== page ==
a groove guide made from a plate having a length, a width, a thickness, a top surface, a bottom surface, a perimeter and at least one groove having a longitudinal centerline, a pair of groove edges, a first end having a minor width and a second end having a major width that is larger than the minor width, wherein the first end of the groove is located inward from the perimeter of the plate, and wherein at least one stabilizing member is disposed on the bottom surface of the guide plate for holding the guide plate in place while the sliding dovetail groove is being formed from the workpiece.
12. The kit of claim 11 wherein the thickness of the pin guide is substantially the same as the thickness of the groove guide.
13. The kit of claim 11 wherein the taper of the pin guide is substantially the same as the taper of the groove guide.
14. The kit of claim 11 wherein the pin guide includes two or more stabilizing pins extending from the workpiece side of the pin guide and the guide plate includes two or more stabilizing pins extending from the bottom surface of the guide plate.
15. The kit of claim 11 further including a router stabilizer, the router stabilizer comprising:
a first rail member,
a second rail member, and
at least one spacing element, the spacing element providing a means for holding the first rail member and the second rail member in a desired configuration with respect to each other.
16. The kit of claim 11 wherein the first rail of the router stabilizer has an L shape defining a top surface on which a router tool can slide and a toe surface against which a workpiece can be positioned.
17. The kit of claim 11 wherein both the first rail and the second rail of the router stabilizer have an L shape defining a top surface on which a router tool can slide and a toe surface against which a workpiece can be positioned, and wherein the first rail and the second rail are oriented such that the toe surface of the first rail is disposed toward the toe surface of the second rail during use.
18. The kit of claim 11 wherein the spacing element allows for slideable adjustment of the first rail in relation to the second rail.
19. The kit of claim 11 further including a dept of cut gage.
20. The kit of claim 19 wherein the depth of cut gage is formed in the router stabilizer.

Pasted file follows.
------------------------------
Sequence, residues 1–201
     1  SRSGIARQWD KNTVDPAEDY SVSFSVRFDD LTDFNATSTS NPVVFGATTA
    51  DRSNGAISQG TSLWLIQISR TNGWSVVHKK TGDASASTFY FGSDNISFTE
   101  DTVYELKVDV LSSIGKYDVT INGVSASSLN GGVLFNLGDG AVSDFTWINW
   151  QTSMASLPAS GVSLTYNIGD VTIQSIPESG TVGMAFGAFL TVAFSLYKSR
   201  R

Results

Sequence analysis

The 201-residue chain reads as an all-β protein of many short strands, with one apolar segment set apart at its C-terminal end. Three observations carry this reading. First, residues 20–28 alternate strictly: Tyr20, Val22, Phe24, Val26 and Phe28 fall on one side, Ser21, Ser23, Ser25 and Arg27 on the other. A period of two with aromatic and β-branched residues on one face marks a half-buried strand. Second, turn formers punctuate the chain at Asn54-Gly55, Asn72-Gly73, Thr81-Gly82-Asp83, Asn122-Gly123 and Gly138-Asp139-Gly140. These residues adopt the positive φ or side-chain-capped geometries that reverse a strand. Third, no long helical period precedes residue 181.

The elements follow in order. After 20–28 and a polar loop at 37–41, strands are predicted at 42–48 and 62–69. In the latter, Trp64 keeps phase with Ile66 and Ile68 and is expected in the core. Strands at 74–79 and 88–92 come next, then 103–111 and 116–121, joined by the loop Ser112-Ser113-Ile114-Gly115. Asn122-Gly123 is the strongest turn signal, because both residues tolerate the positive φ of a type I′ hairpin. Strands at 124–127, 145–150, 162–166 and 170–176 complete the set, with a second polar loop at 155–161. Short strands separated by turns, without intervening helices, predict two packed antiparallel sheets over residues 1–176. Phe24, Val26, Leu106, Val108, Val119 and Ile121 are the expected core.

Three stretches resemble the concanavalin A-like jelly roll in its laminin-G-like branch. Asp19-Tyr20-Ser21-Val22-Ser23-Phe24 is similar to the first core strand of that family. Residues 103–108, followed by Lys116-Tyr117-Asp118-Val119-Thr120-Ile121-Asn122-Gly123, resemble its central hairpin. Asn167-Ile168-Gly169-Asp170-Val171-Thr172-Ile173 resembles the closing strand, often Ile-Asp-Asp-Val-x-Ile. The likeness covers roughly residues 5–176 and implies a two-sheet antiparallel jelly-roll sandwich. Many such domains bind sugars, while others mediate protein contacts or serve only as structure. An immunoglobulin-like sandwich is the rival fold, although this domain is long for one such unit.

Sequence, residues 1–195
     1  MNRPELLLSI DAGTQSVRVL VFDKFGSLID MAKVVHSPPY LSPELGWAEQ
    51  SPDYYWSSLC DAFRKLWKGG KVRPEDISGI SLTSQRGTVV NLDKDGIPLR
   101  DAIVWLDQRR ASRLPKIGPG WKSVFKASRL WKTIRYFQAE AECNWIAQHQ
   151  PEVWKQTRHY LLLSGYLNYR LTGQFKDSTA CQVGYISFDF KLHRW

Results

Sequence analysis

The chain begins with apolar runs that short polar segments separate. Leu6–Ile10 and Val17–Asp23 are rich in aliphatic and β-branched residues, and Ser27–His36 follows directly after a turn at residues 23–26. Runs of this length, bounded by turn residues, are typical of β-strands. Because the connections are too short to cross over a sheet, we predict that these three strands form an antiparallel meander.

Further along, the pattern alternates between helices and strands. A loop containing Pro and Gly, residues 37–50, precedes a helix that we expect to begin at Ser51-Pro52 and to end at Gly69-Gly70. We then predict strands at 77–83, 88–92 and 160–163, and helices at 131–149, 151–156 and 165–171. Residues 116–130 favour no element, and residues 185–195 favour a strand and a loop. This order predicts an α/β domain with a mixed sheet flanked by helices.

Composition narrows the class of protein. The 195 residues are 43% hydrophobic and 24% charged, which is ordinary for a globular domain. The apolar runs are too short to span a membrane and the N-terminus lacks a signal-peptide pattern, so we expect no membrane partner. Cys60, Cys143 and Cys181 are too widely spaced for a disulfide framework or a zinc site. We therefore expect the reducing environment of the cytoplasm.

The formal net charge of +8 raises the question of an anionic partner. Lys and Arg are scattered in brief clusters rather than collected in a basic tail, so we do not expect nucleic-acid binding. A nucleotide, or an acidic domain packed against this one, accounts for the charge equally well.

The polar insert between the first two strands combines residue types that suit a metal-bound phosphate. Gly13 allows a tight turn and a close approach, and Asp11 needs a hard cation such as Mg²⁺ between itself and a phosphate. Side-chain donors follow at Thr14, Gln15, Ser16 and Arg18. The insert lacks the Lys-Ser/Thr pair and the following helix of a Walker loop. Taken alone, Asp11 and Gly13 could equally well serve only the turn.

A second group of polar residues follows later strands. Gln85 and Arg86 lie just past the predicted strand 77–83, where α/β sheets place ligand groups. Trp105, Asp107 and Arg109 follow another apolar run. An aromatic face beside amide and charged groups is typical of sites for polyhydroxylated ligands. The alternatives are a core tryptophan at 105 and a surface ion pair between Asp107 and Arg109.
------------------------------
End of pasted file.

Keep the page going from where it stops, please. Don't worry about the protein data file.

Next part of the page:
Description
CROSS-REFERENCE TO RELATED APPLICATIONS

This application is a continuation-in-part of U.S. Ser. No. 10/215,526, filed Aug. 9, 2002 now U.S. Pat. No. 6,732,444.

FIELD OF THE INVENTION

The present invention is directed to a device useful for woodworking and other crafts. More particularly, the present invention relates to a tool or kit including several tools that can be used to form dovetail joints in workpieces, including sliding dovetail joints.

BACKGROUND

In woodworking and other crafts, it is often desirable to form dovetail joint between two workpieces and/or other structures. The dovetail joint is typically made up of a dovetail pin and a dovetail groove. The dovetail is typically cut with a slight interference so that the joint fits snuggly together to form a locking joint. The dovetail joint can be a self locking joint and is often used in drawer construction. In such embodiments, a series of interlocking pins are generally cut into the end of one work piece that fit into a matching set of dovetail grooves cut into a corresponding workpiece. In such applications, the ends of two workpieces are typically joined across their width at their edges to form a 90 joint.

A second less commonly found dovetail joint is the tapered sliding dovetail joint. One place where this type of joint is used is in the construction of cabinets and bookcases, where fixed shelves are joined to the sides of the structure. This type of joint is difficult to prepare, so it is rarely used except by the most skilled and experienced craftsmen. The tapered sliding dovetail joint is typically used to join the face of one workpiece to the end of another workpiece. In this application a dovetail groove is formed in the face of one workpiece. The dovetail groove starts on the edge of the workpiece and continues across the width of the workpiece generally terminating short of the opposite edge of the workpiece, so as to not weaken the workpiece. A single matching dovetail pin is formed on the end of the corresponding workpiece. The pin is typically configured to stop short of the edge of the workpiece so that it matches the dovetail groove formed in the face of the other workpiece. It is preferred that the dovetail groove and dovetail pin be tapered evenly through their length to allow the work pieces to be assembled to each other and to allow the proper interference of fit to be achieved to form a locking joint. The taper makes it very difficult for the average woodworker to form reliably with conventional tools. The workpieces are joined by inserting the minor end of the pin into open dovetail groove and sliding them together to achieve the desired fit.